A service provider is key to this model so that invited participants can seek information and guidance from a third party – not their business partner. Having a service provider also brings experience and expertise to the table so the Champion company need not play the role of expert advisor to their suppliers. If the Champion company selects a service provider in advance, it speeds the process of grouping interested parties into a procurement team.
For companies with scope 3 greenhouse gas emission reduction targets, customer or supplier participation in renewable energy aggregation can play an important role in achieving those goals.
Small Buyer Convenes a Team
In the first model, the convening company may be a large electricity user. Many aggregation discussions assume there must be a large company in every group, shepherding the others along or paving the way for the smaller buyers. But aggregations are especially beneficial for smaller buyers, and small buyers can also play the convening role.
As the convener, the small buyer decides what renewable energy supply they’d like to pursue. For example, would you like to limit the geography of any transaction based on your load? Do you have a timing requirement for your project? With some preliminary boundaries set, it is easier to find potential partners.
A small buyer can identify partners through independent work – call colleagues, attend conferences and educational events, ask the Renewable Energy Buyers’ Alliance (REBA) for help. Or, you can ask a service provider to identify partners for you. If you plan to use a service provider in any case, bringing them on to help identify partners is a great way to get started. And if you plan to use a service provider’s procurement services, they can establish a team for you at no cost.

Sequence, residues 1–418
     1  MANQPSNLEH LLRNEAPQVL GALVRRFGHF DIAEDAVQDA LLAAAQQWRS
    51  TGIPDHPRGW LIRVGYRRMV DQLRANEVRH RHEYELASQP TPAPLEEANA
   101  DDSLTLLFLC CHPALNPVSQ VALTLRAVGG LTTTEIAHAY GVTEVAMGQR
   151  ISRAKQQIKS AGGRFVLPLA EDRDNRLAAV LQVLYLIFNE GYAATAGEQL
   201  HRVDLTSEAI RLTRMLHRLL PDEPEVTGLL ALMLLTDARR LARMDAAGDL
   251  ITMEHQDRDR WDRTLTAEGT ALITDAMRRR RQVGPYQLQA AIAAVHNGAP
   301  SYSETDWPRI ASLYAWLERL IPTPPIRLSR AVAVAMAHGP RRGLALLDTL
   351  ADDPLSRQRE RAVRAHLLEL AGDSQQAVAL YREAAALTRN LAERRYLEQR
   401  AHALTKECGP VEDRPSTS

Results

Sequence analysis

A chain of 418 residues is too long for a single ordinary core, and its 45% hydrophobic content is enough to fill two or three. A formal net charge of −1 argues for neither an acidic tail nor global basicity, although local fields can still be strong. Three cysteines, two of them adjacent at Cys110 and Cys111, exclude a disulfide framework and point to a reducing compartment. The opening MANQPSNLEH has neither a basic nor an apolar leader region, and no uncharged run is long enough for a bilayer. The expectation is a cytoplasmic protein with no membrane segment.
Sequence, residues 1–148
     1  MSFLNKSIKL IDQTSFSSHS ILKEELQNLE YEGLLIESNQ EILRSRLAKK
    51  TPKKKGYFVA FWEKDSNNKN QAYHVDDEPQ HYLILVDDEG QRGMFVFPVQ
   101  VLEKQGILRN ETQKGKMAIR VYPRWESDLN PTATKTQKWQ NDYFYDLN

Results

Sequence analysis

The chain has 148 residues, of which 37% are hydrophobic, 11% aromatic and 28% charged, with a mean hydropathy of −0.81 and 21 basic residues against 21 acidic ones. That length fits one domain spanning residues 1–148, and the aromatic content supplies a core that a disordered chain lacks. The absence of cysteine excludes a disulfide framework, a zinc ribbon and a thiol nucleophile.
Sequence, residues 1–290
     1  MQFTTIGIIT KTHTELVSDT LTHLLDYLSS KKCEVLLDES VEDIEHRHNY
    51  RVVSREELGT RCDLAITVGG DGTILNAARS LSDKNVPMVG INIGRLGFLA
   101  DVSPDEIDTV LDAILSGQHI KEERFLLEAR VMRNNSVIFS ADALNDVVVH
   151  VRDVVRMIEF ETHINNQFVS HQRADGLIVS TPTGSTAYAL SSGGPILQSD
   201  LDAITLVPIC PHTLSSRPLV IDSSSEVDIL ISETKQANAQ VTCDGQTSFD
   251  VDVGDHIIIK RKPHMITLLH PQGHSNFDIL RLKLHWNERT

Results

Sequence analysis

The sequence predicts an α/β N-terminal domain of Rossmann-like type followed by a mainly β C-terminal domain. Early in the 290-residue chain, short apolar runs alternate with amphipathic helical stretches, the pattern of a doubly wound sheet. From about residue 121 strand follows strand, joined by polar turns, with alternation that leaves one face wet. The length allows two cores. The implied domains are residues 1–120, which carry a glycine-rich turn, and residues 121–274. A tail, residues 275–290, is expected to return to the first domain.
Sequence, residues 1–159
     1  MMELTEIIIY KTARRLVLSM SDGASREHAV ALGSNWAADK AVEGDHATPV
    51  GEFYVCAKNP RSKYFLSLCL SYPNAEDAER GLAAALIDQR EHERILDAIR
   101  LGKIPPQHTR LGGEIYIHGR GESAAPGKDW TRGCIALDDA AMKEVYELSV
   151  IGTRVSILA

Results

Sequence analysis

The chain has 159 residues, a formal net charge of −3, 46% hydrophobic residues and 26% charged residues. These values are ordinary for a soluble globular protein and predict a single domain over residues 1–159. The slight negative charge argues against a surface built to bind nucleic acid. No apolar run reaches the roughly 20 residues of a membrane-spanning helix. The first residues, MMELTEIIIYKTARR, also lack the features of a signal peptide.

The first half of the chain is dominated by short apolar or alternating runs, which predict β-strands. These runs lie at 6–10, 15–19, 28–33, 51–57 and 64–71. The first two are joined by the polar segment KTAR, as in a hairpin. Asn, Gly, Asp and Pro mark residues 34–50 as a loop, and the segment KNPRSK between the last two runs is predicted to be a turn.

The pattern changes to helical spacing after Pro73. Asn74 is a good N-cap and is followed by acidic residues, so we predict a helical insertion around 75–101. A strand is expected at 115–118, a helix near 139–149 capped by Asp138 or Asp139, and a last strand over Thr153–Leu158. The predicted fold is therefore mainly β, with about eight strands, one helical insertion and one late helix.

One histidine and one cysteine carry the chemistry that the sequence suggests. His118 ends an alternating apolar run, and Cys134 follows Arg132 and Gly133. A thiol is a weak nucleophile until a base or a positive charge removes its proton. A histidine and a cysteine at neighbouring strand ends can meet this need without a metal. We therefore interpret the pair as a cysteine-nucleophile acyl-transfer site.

In both of these scenarios, the convening buyer is forging the path for the aggregation, raising their hand to signal they’re ready to move forward and defining the criteria that will make the procurement a win.
Large Buyer Drives a Bus
Of course, a large buyer can lead a procurement alongside smaller buyers, acting as an anchor tenant or as a mentor/process leader. For the large buyer, this process looks a lot like the second option – define the procurement boundaries, then seek partners to fill out a team. For smaller buyers, making your interest known to service providers, industry groups, and companies in your area may help you get a seat on this bus – but if speed and certainty are desirable, starting your own aggregation is a surer way.
Renewable energy aggregation can provide significant benefits to companies. And while getting a buyer’s group started might seem like an overwhelming prospect, I hope this guidance is helpful. Aggregated procurement can be a viable option for a wide range of energy buyers, and we’re excited to see it take off. Need help? Call us! We’d love to talk.
Erin Craig speaks about pathways to getting started with renewable energy aggregation:
Interested in learning more about aggregation? Read the next two posts in this blog series, Building an Effective Renewable Energy Aggregation Team and Incorporating Diversity into Renewable Energy Procurement.